Master's Class: Creating a Dual-Purpose Room

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There are lots of activities in your home that will work better and more efficiently if they are given a dedicated area. However, as we know, most homes simply don’t have the space for each of these activities to be allotted their own room.

This is why creating a dual-purpose space is such a genius move. But whether you’re creating a home office, gift wrapping area or even a small yoga area, when you’re partitioning the room there are going to be a few things that you need to keep in mind.

First, the key to your success in this endeavor is going to be good planning. Here are the five easy steps I normally go through when I’m creating such a room for a client. You can use them to easily create your own dual-purpose space:

1. The first step is to try to match up the activities as best you can so that they do not overlap. For instance, if you work out of your home office mostly at night, putting in a home gym to share the space is not a good idea, especially if the rest of the family works out at night. Also, a guest room that is used only for holidays and special events is a good match for almost any activity.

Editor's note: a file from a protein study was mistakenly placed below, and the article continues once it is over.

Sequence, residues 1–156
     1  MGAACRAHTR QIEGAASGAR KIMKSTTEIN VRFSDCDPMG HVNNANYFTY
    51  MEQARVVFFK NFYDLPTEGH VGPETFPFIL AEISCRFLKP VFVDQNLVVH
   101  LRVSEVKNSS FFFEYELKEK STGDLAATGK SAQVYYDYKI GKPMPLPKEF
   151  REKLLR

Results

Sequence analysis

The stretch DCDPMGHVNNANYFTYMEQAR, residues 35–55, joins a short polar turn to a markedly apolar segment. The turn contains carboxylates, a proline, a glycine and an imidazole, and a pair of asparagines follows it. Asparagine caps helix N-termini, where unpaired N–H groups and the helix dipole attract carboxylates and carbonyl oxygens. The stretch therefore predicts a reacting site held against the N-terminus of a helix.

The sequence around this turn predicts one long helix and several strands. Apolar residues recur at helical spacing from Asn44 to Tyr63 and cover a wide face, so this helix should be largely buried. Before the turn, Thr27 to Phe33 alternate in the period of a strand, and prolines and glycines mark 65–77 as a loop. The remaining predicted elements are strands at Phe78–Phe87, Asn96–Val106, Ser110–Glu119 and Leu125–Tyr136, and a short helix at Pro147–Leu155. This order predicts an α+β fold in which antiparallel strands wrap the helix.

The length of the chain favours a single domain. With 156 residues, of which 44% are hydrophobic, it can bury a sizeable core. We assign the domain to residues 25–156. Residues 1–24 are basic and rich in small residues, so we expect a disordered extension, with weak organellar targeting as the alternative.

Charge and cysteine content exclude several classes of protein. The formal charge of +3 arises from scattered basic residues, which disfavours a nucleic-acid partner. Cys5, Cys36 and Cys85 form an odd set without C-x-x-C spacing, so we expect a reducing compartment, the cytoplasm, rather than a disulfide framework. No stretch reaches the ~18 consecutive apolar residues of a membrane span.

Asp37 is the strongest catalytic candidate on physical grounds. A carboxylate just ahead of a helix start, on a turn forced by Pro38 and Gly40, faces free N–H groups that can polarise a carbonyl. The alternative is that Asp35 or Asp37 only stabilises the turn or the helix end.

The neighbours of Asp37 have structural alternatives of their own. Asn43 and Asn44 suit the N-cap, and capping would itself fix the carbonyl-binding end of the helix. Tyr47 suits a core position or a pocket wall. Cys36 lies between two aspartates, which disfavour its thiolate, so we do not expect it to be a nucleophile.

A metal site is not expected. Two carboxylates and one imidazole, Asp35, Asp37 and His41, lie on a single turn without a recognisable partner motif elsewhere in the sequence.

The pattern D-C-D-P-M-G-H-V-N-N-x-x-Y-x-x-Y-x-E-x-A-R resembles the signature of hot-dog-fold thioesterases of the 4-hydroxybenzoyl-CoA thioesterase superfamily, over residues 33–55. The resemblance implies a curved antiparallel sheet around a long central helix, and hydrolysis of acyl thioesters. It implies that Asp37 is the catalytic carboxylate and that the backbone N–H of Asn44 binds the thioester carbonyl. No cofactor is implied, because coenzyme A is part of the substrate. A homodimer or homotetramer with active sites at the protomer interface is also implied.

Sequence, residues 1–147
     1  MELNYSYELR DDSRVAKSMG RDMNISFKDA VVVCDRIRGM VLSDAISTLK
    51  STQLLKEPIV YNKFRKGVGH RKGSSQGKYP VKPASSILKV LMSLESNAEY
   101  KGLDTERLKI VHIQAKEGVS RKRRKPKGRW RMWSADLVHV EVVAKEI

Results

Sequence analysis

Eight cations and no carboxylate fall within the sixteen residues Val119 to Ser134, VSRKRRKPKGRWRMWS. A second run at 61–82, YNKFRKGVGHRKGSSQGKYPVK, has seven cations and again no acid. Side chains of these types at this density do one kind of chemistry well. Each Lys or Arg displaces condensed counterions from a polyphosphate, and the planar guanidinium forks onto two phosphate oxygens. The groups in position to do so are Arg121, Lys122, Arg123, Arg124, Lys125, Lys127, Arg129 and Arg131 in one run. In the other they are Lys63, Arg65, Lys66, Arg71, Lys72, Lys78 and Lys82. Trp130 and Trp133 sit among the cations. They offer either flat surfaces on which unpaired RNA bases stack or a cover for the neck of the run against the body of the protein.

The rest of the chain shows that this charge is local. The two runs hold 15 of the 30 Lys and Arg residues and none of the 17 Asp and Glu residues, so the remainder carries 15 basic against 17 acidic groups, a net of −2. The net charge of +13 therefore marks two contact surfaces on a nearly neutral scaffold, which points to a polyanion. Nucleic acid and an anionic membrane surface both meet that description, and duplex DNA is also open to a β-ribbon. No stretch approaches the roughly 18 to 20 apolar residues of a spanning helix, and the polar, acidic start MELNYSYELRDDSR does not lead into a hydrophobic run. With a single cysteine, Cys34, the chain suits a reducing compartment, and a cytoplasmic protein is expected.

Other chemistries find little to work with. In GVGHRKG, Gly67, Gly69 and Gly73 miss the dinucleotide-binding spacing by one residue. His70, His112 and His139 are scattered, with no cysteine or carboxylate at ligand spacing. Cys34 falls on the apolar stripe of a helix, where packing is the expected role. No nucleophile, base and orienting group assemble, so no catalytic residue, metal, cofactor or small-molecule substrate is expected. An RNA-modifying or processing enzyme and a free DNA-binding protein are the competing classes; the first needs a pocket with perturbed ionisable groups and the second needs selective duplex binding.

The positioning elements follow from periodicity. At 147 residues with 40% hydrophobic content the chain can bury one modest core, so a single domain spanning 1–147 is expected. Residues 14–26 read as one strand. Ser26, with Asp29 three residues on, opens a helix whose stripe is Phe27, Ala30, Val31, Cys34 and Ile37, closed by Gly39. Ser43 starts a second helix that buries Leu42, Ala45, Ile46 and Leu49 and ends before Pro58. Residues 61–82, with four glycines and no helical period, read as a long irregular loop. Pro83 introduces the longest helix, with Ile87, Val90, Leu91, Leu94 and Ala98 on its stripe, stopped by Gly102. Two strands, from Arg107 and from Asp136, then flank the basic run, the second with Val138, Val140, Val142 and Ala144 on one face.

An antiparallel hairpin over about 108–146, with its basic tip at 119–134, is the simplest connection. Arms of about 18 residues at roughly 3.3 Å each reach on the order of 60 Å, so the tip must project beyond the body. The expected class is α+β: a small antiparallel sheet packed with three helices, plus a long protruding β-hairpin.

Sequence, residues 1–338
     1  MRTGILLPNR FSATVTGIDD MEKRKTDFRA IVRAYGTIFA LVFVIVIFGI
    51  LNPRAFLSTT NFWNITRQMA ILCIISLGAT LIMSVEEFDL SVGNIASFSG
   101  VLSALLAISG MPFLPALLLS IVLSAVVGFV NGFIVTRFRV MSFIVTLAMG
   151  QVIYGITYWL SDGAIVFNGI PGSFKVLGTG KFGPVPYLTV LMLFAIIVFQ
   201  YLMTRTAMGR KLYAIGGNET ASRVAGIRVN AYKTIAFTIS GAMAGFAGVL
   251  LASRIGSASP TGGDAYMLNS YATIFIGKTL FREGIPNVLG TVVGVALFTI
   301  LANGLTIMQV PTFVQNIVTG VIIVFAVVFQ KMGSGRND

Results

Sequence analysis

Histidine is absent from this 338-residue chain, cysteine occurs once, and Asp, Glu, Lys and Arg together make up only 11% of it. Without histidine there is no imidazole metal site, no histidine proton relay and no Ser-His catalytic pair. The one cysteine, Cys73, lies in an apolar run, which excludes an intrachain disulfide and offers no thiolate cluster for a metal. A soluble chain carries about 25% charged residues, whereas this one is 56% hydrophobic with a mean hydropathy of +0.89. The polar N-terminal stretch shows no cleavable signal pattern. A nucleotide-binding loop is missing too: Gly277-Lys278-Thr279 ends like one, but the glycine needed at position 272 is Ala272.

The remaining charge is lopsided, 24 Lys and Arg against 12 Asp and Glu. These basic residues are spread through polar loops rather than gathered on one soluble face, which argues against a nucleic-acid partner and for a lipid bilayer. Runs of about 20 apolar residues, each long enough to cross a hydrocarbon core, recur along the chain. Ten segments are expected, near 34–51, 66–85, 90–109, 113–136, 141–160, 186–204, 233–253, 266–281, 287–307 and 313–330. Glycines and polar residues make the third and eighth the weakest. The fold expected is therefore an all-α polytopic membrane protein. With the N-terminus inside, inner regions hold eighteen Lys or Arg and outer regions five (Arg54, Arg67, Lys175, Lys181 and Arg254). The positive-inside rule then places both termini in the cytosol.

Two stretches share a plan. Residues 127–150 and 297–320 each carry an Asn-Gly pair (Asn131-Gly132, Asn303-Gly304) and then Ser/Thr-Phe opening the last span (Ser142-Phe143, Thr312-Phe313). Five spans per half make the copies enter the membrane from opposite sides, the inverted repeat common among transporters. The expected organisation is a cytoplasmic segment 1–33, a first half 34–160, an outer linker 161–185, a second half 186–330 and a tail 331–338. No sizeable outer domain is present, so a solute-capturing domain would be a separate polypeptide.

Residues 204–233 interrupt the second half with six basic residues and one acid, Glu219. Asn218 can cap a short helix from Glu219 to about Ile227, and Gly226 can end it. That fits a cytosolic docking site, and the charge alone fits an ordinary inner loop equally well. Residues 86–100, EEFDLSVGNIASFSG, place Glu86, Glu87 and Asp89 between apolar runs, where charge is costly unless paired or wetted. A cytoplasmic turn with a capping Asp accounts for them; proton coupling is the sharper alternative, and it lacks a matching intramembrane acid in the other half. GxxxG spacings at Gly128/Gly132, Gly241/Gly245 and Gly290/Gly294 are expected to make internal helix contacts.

2. Try to visualize where you want your activities to ideally go and zone out the room. For instance, if you are combining a guest room and home office like I did for a client here, try to put the office part in the quietest, least trafficked area. This will make for a quieter spot to work, and give your desk a degree of privacy from curious in-laws.

Image via She Knows Home & Garden

3. Once you’ve zoned the space, try to tie the look and function of all the pieces together. For example, in the guest room/office situation, you can make the desk operate as one of the side tables to your guest bed. Or if you are doing a wrapping center, you can store your ribbons and other pieces in a collection of cool display boxes, so that they also serve a decorative purpose as well.

4. When I’m creating a multi-purpose space, I like to keep the decorating as loose as possible, using mismatched furniture and a combination of fun color and pattern. This trick allows the room to cope with a certain degree of contained clutter without looking too messy.

Image via She Knows Home & Garden

5. Wherever possible, try to contain your activities. The biggest fault of a lot of dual-purpose rooms is that one of the activities starts to spill over and take over the room. So organization is key. Try using decorative boxes to hold files, or cool shelves to keep everything tidy.

Creating rooms that successfully serve a dual purpose can be easy if you follow these simple rules. If done well, you will be amazed how you can make the space in your home work for you.

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